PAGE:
Regardless of poor performance and poor corporate governance, the scale and profile of BEA’s banking platform is attractive to any potential acquiror who wants to expand its banking operations in the Greater China region. In addition, BEA finally announced on 19 January 2016 that the long-standing lock-in agreement, which had prevented CaixaBank (one of BEA’s largest shareholders) from accepting any non-recommended takeover offer for BEA without BEA board approval, had been removed.
BEA’s management can no longer rely on contractual lock-in arrangements to assist them in preventing a suitably-priced takeover offer for BEA from succeeding.
CaixaBank is clearly willing to sell its 17% BEA shareholding, because it has currently conditionally agreed to sell it to its parent company, Criteria, at just HK$24.257 per BEA share. Consequently, CaixaBank and Criteria may now have an opportunity to agree to put that related party transaction aside and instead sell the BEA stake at a significantly better price, into a takeover offer for BEA made by a third party, thereby strengthening CaixaBank’s capital base.8 In ourview this would be a win-win outcome for CaixaBank’s shareholders as well as BEA’s shareholders.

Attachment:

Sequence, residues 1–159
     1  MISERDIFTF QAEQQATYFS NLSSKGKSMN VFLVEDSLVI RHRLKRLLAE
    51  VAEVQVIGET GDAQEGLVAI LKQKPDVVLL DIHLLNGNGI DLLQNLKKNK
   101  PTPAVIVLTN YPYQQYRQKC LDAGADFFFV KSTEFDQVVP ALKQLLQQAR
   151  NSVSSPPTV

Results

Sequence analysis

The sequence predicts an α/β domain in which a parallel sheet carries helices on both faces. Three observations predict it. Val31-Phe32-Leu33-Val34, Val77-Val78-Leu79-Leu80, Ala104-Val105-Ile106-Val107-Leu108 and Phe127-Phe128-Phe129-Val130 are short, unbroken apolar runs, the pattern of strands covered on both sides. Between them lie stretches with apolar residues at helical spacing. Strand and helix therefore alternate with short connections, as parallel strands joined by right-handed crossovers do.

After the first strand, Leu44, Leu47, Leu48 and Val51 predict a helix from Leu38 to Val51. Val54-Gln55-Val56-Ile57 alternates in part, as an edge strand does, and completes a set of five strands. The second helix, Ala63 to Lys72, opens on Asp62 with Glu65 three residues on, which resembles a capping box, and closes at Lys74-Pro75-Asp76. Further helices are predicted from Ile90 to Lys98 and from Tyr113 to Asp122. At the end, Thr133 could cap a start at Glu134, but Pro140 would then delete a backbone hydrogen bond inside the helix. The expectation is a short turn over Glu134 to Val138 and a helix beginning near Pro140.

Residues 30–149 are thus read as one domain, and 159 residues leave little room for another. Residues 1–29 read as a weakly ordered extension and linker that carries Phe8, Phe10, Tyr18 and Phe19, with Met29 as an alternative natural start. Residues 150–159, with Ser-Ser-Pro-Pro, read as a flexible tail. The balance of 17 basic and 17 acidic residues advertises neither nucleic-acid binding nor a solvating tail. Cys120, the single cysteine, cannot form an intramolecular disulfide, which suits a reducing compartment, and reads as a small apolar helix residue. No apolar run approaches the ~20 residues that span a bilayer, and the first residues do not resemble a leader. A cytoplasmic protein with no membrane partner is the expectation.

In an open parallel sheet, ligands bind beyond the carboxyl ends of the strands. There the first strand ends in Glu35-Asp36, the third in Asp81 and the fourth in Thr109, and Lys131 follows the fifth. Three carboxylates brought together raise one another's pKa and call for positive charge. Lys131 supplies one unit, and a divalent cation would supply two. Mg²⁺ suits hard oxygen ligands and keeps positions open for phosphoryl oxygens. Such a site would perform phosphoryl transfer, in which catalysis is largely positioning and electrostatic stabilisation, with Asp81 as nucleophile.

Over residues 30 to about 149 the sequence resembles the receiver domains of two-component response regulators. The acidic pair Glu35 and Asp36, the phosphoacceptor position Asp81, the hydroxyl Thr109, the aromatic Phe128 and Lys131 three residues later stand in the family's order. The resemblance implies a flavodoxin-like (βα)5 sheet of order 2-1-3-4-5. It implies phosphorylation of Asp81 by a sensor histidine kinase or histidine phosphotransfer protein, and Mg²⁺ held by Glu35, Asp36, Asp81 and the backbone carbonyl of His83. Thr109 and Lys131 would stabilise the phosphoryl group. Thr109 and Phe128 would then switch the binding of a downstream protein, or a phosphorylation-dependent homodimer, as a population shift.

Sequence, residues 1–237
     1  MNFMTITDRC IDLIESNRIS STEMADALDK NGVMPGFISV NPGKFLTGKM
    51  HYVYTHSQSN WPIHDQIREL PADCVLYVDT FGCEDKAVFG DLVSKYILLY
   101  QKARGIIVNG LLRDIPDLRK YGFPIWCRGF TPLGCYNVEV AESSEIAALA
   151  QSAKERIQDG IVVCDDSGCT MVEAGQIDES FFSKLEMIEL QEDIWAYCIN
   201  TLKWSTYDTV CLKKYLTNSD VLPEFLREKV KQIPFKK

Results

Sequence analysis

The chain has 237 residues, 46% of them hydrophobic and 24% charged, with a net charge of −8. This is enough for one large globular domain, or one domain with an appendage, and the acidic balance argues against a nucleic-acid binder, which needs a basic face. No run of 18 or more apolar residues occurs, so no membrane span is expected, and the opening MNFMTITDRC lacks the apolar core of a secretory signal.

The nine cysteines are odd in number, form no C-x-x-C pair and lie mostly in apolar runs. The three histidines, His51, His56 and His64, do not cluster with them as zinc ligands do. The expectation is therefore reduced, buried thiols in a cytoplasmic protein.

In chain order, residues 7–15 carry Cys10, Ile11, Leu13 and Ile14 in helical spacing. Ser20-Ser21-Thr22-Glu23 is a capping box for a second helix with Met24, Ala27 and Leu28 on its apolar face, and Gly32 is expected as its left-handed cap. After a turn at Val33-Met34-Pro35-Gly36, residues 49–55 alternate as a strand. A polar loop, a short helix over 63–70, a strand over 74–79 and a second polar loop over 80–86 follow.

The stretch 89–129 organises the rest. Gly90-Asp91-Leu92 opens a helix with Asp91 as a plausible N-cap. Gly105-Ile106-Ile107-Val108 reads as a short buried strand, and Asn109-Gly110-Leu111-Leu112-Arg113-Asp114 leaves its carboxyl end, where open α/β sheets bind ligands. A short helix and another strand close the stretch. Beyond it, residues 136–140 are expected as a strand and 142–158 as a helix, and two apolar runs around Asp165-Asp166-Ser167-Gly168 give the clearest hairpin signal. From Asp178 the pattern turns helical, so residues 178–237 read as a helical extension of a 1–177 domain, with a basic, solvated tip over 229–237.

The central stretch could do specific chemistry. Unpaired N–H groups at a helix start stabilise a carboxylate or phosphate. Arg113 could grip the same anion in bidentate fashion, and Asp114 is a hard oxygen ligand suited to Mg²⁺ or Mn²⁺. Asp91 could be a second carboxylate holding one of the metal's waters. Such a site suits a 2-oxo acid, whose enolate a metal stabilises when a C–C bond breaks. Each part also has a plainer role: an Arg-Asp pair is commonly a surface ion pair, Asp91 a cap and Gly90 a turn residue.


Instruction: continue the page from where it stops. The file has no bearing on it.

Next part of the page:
In our view, the BEA board should now finally focus on delivering proper value for BEA shareholders, by conducting an auction process to explore the scope for a sale of BEA at an appropriate premium. We have asked the BEA board to do this, but they have so far not responded to our request.